Citizens concerned with the direction of high-speed rail in their home states have taken to the Internet to voice their opinions on current plans proposed by the U.S. Department of Transportation.
Self-described New Yorkers have started a Facebook campaign in support of high-speed rail service and have inundated the Facebook page of DOT Secretary Ray LaHood with posts imploring him to grant their governor-elect's request for more funding for a high-speed rail project in their state.
"I don't know who started it, but the Facebook campaign sure got my attention!" LaHood wrote in his blog today.
"They know that saying 'No' to high-speed rail is saying 'No' to jobs, 'No' to revitalized manufacturing, and 'No' to economic development. And what's worse, it means saying 'No' to American workers at a time when they sorely need those jobs," LaHood wrote.
As of this morning, grassroots campaigns from several other states seem to have emerged on LaHood's page. Many of those posts include self-described Wisconsinites who say they support Republican governor-elect Scott Walker but disagree with his promised efforts to stop a high-speed rail project there.
The Facebook outpouring from New Yorkers and Wisconsinites is in response to a string of discourse in recent days between governors-elect, state representatives, and LaHood.
Ohio governor-elect John Kasich wrote a letter to President Obama (PDF) saying he plans to kill his state's Cleveland-Columbus-Cincinnati passenger rail project, and reject the $400 million in DOT money if it cannot be legally redirected for other state uses. Wisconsin governor-elect Scott Walker campaigned against a proposed DOT high-speed rail project to connect Milwaukee, Madison, and points beyond. Walker has said he would prefer to use the $810 million in DOT funds for highway and bridge projects.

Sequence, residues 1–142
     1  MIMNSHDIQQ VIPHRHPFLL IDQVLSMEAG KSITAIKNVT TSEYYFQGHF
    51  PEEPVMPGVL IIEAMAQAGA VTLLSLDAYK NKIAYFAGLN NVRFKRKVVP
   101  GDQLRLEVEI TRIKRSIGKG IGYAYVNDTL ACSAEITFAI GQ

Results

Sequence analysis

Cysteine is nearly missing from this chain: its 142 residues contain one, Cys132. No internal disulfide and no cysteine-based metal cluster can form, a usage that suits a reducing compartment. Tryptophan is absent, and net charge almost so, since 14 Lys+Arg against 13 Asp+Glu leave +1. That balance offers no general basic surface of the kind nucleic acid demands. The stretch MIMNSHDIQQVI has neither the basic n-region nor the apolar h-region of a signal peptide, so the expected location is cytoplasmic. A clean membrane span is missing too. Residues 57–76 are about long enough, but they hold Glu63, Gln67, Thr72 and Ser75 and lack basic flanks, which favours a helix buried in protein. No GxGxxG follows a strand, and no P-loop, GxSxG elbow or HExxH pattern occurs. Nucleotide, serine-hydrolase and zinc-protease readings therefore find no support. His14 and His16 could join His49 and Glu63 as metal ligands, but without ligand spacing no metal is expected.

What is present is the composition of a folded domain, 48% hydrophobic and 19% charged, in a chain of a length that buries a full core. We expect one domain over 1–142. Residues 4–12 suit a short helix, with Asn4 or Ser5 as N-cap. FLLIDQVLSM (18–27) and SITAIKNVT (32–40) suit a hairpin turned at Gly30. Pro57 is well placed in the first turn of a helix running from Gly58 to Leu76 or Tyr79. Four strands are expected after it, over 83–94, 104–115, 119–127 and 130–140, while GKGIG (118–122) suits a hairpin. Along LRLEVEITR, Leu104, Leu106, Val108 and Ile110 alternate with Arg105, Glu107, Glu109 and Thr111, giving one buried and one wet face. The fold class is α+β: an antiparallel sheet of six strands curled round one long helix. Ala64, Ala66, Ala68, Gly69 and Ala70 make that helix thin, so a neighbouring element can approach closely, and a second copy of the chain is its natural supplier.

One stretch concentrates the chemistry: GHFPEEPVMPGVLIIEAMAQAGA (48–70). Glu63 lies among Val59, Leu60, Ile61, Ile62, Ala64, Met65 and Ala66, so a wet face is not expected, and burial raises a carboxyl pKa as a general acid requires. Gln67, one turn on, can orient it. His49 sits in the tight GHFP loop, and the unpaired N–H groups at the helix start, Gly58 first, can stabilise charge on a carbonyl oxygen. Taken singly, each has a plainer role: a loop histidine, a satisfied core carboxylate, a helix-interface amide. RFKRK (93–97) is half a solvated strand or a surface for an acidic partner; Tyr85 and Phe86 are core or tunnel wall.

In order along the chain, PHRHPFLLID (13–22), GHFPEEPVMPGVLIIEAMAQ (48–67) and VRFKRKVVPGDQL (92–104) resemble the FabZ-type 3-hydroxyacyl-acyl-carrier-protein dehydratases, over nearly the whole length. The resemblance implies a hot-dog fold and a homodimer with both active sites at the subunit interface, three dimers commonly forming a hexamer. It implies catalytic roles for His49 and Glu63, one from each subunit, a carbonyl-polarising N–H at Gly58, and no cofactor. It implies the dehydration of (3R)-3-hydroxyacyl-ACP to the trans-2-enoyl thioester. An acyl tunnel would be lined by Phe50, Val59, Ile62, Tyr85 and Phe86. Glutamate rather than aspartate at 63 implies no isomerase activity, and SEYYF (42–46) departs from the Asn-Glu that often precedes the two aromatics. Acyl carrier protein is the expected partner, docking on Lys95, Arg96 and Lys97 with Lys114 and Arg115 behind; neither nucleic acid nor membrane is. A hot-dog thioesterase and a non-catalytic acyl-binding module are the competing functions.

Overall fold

LaHood issued a letter to Walker (PDF) on Monday explaining that the federal funds are earmarked specifically for high-speed rail, and the DOT will have to rescind the $810 million for Wisconsin if the funds are not directed to the agreed project.
"None of the money provided to Wisconsin may be used for road and highway projects, or anything other than high-speed rail. Consequently, unless you change your position, we plan to engage in an orderly transition to wind down Wisconsin's project so that we do not waste taxpayers' money," wrote LaHood.
Ohio is in the same position, standing to lose $400 million in DOT funding if it rejects its proposed rail project.
New York governor-elect Andrew Cuomo, meanwhile, wrote a letter to LaHood asking if New York could apply to receive any high-speed funds that might be rejected by other states. The funds could go toward the Empire Corridor, which would connect New York City, Albany, Syracuse, Rochester, Buffalo, Niagara Falls, and points beyond via high-speed rail.
Illinois Governor Pat Quinn told The Chicago Tribune that he also made a request to LaHood by phone informing him that Illinois would also like to apply for any available high-speed rail funding as a result of rejection by other states.
Several Republican governors-elect have said they do not support a high-speed rail initiative for the U.S. at all, while others have said they support a high-speed rail initiative in theory, but don't agree with the current DOT plan. As Republicans take control of the House this January, that disapproval could have an effect even in states that approve of their proposed projects.
Florida State Representative John Mica, a senior Republican, is expected to head the House Transportation Committee in January and has told the Associated Press he plans to reevaluate the over $10 billion initiative.
"I am a strong advocate of high-speed rail, but it has to be where it makes sense," Mica told the AP.
Mica said while he supports many of the Northeast projects, he does not agree with other areas of the DOT's plan because many are not truly high-speed railroads.
Several of the proposed high-speed rail projects, like the $800 million Tampa and Orlando connection proposed for Mica's home state of Florida, would run trains that achieve speeds of up to 168 mph only along some parts of the route. The trains would not consistently maintain high speeds as high-speed railroads in Asia and Europe currently do.